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What they say: Okay, so we may save on clothes (after all, the first kids' onesies and sweaters are all neatly packed into those Tupperwares waiting for number two), but can we really afford this?

What they actually mean: My friend Andrea believes there is an invisible math in the world: Money does get found to feed that extra mouth; bassinets and soccer cleats get passed along from friends; love begets love. And I hope she's right. But I know that quite a few of my peers worry. This recession has been deep, and most of us have been scarred. So I think we're really saying something that's difficult to hear: "We need to take a hard and decisive look at the growing costs of everything from health insurance premiums to food to college and make a smart choice." (I'll admit, though, there's nothing as unsexy as getting out the calculator and crunching numbers right before you pull off all your clothes and try to make a baby.)

What they say: Are we really going to foist the 7 billion and first child on the planet?

What they actually mean: This does come out of my mouth when Dan and I talk. I'm not actually sure that I think that my having just one more eensy, tiny baby will tip our planet's scale. But I'm really asking myself this: When will you, Caitlin, take the blinders off and begin to take individual responsibility for the fast-vanishing land, water and resources on our planet?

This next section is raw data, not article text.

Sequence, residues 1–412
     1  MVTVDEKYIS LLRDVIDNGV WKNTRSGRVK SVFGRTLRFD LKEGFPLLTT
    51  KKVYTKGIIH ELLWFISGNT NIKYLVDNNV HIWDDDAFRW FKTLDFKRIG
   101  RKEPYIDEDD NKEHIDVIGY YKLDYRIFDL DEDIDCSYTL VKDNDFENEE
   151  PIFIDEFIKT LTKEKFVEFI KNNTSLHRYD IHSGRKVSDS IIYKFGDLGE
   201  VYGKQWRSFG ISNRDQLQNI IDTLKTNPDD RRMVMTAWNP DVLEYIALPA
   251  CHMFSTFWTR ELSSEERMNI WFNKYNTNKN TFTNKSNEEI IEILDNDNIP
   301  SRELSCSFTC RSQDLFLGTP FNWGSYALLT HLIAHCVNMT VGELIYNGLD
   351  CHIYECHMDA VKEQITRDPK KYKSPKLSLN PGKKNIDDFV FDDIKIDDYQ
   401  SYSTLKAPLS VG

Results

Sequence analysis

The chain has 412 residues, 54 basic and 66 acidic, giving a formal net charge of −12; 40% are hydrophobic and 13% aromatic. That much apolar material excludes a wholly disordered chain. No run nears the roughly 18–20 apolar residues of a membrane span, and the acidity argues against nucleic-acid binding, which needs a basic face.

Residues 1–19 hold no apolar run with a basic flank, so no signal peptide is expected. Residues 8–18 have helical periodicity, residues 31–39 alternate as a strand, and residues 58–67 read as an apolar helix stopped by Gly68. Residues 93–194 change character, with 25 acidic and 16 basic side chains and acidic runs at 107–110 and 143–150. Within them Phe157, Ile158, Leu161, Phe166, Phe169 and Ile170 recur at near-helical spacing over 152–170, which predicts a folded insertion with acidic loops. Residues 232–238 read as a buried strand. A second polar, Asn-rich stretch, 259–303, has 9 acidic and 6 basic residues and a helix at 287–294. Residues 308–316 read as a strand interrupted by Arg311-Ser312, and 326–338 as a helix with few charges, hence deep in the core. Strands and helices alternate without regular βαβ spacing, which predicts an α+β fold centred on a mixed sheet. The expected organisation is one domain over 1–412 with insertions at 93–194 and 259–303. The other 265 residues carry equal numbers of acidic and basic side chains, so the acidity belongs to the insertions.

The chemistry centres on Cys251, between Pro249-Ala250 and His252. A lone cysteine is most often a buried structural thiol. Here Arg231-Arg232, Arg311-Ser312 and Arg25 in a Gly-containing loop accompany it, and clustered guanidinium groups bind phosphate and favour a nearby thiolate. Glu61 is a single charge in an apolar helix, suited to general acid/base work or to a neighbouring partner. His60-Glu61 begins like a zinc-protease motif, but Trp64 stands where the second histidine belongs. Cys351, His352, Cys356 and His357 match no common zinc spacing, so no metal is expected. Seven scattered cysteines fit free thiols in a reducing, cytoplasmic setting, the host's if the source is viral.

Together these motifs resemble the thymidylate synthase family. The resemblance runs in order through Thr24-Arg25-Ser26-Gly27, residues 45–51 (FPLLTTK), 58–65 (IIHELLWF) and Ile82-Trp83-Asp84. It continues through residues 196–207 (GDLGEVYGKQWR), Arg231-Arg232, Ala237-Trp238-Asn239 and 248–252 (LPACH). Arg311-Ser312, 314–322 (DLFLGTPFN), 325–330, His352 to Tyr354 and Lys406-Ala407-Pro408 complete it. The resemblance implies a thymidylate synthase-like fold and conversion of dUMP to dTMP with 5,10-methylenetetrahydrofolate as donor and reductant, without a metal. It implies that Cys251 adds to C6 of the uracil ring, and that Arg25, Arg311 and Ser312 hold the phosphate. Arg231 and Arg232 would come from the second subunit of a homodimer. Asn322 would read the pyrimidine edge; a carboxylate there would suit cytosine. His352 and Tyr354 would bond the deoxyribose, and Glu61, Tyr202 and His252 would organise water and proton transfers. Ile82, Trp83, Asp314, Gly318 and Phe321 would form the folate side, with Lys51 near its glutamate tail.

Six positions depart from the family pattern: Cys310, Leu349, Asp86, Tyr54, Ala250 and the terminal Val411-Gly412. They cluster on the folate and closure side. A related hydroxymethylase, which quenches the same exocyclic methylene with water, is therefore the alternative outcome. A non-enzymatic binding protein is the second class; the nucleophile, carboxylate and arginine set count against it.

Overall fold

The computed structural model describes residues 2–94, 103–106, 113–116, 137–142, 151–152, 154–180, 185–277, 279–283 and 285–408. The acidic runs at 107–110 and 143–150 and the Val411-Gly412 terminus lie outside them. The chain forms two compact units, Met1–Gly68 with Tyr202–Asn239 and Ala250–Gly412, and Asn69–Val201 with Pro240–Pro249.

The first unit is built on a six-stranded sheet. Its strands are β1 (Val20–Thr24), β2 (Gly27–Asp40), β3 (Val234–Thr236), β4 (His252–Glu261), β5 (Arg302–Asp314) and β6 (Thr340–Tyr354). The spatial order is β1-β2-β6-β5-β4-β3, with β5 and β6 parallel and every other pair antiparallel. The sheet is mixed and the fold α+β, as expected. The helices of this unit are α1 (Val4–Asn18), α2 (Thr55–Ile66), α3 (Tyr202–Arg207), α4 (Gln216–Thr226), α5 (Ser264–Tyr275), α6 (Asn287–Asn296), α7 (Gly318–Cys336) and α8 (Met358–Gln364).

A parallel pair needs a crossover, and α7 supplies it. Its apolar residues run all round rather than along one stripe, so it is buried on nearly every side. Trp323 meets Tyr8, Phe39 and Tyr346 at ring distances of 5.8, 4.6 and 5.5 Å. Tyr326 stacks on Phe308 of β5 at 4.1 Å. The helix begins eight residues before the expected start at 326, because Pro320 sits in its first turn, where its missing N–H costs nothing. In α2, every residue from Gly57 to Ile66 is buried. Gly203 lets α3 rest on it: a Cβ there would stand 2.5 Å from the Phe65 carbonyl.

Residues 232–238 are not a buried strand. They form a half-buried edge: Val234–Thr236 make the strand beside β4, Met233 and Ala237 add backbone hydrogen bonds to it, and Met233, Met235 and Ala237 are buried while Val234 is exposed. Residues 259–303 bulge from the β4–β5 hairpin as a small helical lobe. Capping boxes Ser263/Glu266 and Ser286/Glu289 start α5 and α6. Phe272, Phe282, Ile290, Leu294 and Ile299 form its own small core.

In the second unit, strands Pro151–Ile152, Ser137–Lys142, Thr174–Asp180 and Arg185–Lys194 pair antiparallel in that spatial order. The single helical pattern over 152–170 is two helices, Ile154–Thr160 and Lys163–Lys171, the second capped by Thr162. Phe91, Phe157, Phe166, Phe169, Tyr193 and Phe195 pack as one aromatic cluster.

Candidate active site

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What they say: You're just getting yourself back.

What they actually mean: In this case, based on my polling, "they" are usually the husbands. And without exception I can say "they" are right: His wife is just getting herself back. But here's what I think he really means: "I'm just getting you back." For him, I think it's fair to say that the cumulative stress over the past few years of lack of sleep, money strain and annihilation of your sex life has been tough. I think what he wants to say is this: "I'm not sure our marriage can handle another kid and come out the other end in one piece."

What they say: I don't know if we can give another child the same kind of attention we gave the first.

What they actually mean: I'm old. I'm tired. And so are you.

What they say: Our kid should have a sibling, though...right?

What they actually mean: The other day a friend told me that her son was taking a bath with his little sister one evening. Mid-play, he looked his mother straight in the eye, nodded at the baby girl and asked, "When will she be dead?" That got me thinking about siblings and how I don't actually know very many people who really like their siblings. They love them, sure, because they're family but would not necessarily choose them to be their friends.

And it occurred to me that, as parents, we're often thinking about the future -- anything from starting preschool to those days that will, inevitably, come when we're old and infirm. I think the more generous parts of us want our child to have someone else to help navigate our bedpans and DNR orders, because doing all that alone would just stink.

But, it occurs to me, that what we might actually be saying here is that we want our kid to have a sibling because, mostly, it will make it easier for us to say goodbye.

Caitlin Shetterly is the author of "Made for You and Me: Going West, Going Broke, Finding Home."